As with any new SQL Server technology (or Microsoft technology in general), there is a new object naming nomenclature associated with Policy-Based Management. Below is a listing of some of the new base objects.
A Policy is a set of conditions specified on the facets of a target. In other words, a Policy is basically a set of rules specified for properties of database or server objects.
A Target is an object that is managed by Policy-Based Management. Includes objects such as the database instance, a database, table, stored procedure, trigger, or index.
A Facet is a property of an object (target) that can be involved in Policy Based Management. An example of a Facet is the name of a Trigger or the AutoShrink property of a database.
A Condition is the criteria that can be specify for a Target's Facets. For example, you can set a condition for a Fact that specifies that all stored procedure names in the Schema 'Banking' begin with the name 'bnk_'.
You can also assign a policy to a category. This allows you manage a set of policies assigned to the same category. A policy belongs to only one category.
Policy Evaluation Modes
A Policy can be evaluated in a number of different ways:
- On demand - The policy is evaluated only when directly ran by the administrator.
- On change: prevent - DDL triggers are used to prevent policy violations.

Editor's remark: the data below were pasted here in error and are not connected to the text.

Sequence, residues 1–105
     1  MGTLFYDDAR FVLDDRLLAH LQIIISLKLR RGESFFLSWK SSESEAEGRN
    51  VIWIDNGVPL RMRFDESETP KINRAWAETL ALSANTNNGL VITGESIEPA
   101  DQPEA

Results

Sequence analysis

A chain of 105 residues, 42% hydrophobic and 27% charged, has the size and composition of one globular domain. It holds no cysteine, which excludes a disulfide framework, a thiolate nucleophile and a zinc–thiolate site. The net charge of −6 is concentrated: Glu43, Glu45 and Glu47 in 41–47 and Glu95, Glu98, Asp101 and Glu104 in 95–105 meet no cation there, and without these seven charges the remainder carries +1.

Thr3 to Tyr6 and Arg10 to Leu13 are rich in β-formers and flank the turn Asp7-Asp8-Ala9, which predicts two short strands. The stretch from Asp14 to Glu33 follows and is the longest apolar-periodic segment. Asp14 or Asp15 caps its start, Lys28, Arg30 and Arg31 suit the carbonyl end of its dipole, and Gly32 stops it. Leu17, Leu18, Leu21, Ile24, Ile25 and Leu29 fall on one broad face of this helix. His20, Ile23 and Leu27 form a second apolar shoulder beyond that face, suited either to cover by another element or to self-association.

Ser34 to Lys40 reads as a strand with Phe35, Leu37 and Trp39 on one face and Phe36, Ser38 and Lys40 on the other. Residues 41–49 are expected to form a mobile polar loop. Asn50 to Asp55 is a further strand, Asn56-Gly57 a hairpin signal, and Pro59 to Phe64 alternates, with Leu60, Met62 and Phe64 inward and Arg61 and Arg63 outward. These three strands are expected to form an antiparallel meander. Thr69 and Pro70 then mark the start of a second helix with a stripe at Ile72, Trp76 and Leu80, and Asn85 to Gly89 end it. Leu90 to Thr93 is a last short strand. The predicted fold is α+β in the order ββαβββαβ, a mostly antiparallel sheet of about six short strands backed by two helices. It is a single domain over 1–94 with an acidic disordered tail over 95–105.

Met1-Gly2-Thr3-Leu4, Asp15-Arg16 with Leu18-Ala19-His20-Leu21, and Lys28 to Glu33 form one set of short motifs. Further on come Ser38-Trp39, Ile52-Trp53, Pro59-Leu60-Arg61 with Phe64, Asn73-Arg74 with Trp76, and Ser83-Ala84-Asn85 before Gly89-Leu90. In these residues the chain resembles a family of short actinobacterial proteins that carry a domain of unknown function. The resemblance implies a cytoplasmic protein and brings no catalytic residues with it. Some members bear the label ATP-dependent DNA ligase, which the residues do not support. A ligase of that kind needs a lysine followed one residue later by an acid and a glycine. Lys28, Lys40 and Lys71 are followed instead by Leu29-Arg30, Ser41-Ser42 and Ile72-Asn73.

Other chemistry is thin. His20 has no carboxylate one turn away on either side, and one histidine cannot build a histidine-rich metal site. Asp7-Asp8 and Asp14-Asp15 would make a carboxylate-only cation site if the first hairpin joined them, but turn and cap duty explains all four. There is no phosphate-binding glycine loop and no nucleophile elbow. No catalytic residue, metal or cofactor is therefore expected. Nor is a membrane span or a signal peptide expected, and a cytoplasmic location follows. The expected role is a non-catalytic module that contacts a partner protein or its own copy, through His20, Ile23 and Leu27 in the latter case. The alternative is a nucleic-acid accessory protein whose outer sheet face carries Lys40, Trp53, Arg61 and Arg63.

- On change: log only - Event notifications are used to check a policy when a change is made.
- On schedule - A SQL Agent job is used to periodically check policies for violations.
Advantages of Policy Based Management
Policy-Based Management gives you much more control over your database procedures as a DBA. You as a DBA have the ability to enforce your paper policies at the database level. Paper polices are great for defining database standards are guidelines. However, it takes time and effort to enforce these. To strictly enforce them, you have to go over your database with a fine-toothed comb. With Policy-Based Management, you can define your policies and rest assured that they will be enforced.
Today I took a look at the basic ideas behind Policy-Based Management in SQL Server 2008. In my next article I'll take a look at how you can make these ideas a reality by showing you how you can create your own polices to use to administer your SQL Server.
Tim Chapman is a SQL Server MVP, a database architect, and an administrator who works as an independent consultant in Raleigh, NC, and has more than nine years of IT experience.